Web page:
- Create a supportive environment. Stress and anxiety impair learning, so students need to feel they belong in the class. Communicate your commitment to respectful class discourse with policies specifically for online and face-to-face discussions. Explicitly tell your students you care about their success. Use student names and correct pronouns. Respond to microaggressions (for example, racially insensitive language or using incorrect names/pronouns) quickly. Do not expect individuals to speak on behalf of an entire group.
- Use self-reflection. Instructor biases and attitudes can manifest as stereotyping or microaggressions. Try to avoid deficit thinking and instead, use asset framing to focus on student potential. When you feel tension in an interaction, consider using a mindfulness reflection protocol to evaluate the situation.
- Share student experiences. Create a wisdom wall where students give advice to the students who will take the class next. Share this advice at the start of the next semester.
Talking about Canvas may seem strange in a checklist about equity, but an intentionally designed and easy to navigate Canvas course is essential for supporting students with disabilities, particularly those that struggle with executive function and task management. It also helps students such as first generation or those from smaller school districts that may not have used an LMS during high school. Good Canvas design helps reduce the cognitive load for all students, enabling them to better organize their time.
- Create an easy layout. Use a consistent, easy to navigate Canvas layout to reduce cognitive load. Try using the Modules page to organize content by unit so students can find what they need.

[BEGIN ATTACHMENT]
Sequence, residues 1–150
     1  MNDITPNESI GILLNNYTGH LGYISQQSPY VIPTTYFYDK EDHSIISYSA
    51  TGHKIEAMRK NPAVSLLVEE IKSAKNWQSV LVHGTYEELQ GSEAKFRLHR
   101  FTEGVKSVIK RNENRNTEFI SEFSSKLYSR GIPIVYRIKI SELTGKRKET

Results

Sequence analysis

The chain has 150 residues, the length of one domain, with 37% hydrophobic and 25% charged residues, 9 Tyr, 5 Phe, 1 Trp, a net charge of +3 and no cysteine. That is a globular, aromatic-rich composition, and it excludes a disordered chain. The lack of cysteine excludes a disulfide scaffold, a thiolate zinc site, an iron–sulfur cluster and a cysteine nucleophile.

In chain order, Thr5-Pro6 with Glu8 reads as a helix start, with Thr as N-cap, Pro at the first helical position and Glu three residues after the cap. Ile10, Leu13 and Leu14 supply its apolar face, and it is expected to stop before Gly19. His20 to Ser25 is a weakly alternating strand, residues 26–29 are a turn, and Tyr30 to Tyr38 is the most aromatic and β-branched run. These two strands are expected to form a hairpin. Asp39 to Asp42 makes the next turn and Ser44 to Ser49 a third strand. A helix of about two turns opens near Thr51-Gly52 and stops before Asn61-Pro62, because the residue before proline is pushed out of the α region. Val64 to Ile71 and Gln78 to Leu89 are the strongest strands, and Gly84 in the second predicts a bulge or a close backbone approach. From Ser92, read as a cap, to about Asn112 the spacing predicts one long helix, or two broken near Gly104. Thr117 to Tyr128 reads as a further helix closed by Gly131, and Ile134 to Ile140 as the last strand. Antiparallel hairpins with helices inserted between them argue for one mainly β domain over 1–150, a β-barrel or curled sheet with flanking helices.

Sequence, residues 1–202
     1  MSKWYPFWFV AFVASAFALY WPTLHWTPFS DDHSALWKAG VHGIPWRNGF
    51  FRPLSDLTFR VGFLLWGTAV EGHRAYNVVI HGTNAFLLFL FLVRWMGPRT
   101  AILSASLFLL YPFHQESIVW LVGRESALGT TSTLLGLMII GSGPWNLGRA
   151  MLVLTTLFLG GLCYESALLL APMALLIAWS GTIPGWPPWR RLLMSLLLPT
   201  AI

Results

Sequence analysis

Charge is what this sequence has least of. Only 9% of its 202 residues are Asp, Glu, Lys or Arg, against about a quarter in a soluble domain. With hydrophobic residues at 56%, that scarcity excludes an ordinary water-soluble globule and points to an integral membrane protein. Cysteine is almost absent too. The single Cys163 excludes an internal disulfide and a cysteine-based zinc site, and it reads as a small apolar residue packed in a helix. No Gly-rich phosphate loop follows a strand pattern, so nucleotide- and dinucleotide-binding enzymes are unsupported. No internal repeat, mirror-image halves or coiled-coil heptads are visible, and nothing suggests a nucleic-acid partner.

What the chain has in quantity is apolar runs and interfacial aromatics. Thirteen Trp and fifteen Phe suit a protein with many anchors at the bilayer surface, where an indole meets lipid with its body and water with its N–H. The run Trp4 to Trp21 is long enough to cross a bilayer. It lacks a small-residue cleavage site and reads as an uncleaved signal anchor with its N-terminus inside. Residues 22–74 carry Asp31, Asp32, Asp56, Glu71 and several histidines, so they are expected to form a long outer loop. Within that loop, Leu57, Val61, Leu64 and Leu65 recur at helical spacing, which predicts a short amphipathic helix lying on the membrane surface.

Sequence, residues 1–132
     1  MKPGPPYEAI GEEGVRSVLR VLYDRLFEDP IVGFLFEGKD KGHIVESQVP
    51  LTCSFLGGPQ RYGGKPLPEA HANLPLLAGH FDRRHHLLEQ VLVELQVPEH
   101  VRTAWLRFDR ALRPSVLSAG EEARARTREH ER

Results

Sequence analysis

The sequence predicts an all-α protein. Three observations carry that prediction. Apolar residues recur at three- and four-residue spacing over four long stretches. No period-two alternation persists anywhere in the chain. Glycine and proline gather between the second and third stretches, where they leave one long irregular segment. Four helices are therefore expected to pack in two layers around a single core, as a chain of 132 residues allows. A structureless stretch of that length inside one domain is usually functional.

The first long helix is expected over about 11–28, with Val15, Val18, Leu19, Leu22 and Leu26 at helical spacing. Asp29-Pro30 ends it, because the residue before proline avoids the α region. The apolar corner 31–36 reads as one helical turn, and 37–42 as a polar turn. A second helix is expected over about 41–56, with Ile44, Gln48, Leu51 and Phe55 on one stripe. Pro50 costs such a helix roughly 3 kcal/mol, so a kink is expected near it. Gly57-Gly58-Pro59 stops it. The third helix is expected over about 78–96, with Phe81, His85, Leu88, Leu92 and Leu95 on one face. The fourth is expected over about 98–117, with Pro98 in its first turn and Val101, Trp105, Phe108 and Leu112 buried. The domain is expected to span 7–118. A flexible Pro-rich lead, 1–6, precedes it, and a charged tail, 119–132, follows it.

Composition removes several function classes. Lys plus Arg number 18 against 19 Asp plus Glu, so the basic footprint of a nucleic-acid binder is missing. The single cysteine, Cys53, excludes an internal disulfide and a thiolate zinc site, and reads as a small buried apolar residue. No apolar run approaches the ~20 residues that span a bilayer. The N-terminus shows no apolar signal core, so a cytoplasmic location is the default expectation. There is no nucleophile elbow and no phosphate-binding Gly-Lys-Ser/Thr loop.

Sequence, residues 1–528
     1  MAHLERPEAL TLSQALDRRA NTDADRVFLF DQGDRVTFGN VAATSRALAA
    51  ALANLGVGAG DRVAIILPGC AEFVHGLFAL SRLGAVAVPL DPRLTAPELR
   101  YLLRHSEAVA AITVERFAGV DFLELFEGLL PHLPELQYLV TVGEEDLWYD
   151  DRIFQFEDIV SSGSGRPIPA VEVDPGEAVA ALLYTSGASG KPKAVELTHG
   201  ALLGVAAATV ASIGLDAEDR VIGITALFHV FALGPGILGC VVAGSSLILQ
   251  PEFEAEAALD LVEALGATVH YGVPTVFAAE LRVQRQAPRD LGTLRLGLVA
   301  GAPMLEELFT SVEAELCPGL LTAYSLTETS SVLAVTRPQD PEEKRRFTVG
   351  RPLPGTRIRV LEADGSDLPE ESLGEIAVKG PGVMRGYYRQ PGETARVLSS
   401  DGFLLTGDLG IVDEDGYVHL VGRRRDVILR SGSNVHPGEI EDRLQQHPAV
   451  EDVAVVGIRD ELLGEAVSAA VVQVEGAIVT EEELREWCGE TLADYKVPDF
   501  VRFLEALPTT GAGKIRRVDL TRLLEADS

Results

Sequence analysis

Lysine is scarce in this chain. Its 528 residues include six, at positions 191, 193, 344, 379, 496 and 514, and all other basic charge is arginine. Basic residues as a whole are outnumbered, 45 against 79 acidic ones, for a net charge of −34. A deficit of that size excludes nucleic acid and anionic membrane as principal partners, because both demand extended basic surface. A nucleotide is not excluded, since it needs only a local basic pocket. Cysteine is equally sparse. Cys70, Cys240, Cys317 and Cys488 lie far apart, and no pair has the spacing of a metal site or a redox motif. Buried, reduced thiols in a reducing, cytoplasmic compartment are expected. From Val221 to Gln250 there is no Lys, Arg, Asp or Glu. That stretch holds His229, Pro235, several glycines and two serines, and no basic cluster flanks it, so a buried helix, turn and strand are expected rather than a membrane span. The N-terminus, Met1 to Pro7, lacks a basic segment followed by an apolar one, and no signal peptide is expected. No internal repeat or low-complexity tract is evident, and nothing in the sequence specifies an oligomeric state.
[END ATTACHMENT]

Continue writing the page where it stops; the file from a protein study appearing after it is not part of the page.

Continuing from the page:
- Set due dates. Ensure all assignments have a due date listed in Canvas so the items show up on the course calendar and student to do list.
- Remove any unnecessary items from the left side navigation menu.
- Set tone and communicate course basics with a welcome video. Record your screen and navigate Canvas in Student View to show students where to find the syllabus, course materials, and assignments. Give an overview of the course rhythms and major assignments. Put the welcome video on the course home page – consider calling it something like ‘Start here’ or ‘Welcome.’ Use the screen recording feature that allows your face to be seen in the corner of the screen and communicate your enthusiasm for the course.
- Keep Canvas grades up to date and as accurate as possible so students know how they’re doing at all times. If you use weighted grades, make sure they are set up before the semester starts so that the course grade displays accurately. Even if you tell students ‘the grade showing in Canvas is wrong’, they are still likely to rely on that as their grade estimate.
Taking it further
- Work with your instructional designer – they're happy to help you think about different ways to increase equity in your course as well as troubleshoot any challenges you’ve been experiencing. You can find contact information for your instructional designer on the CTT website!
- Consider implementing elements of ungrading or mastery grading where students refine their submission based on your feedback until they reach the learning target, moving the focus of assignments from ranking students to student growth and mastery.
- Read more about different approaches to inclusivity like culturally responsive teaching, anti-racist teaching, universal design for learning, or trauma-informed pedagogy.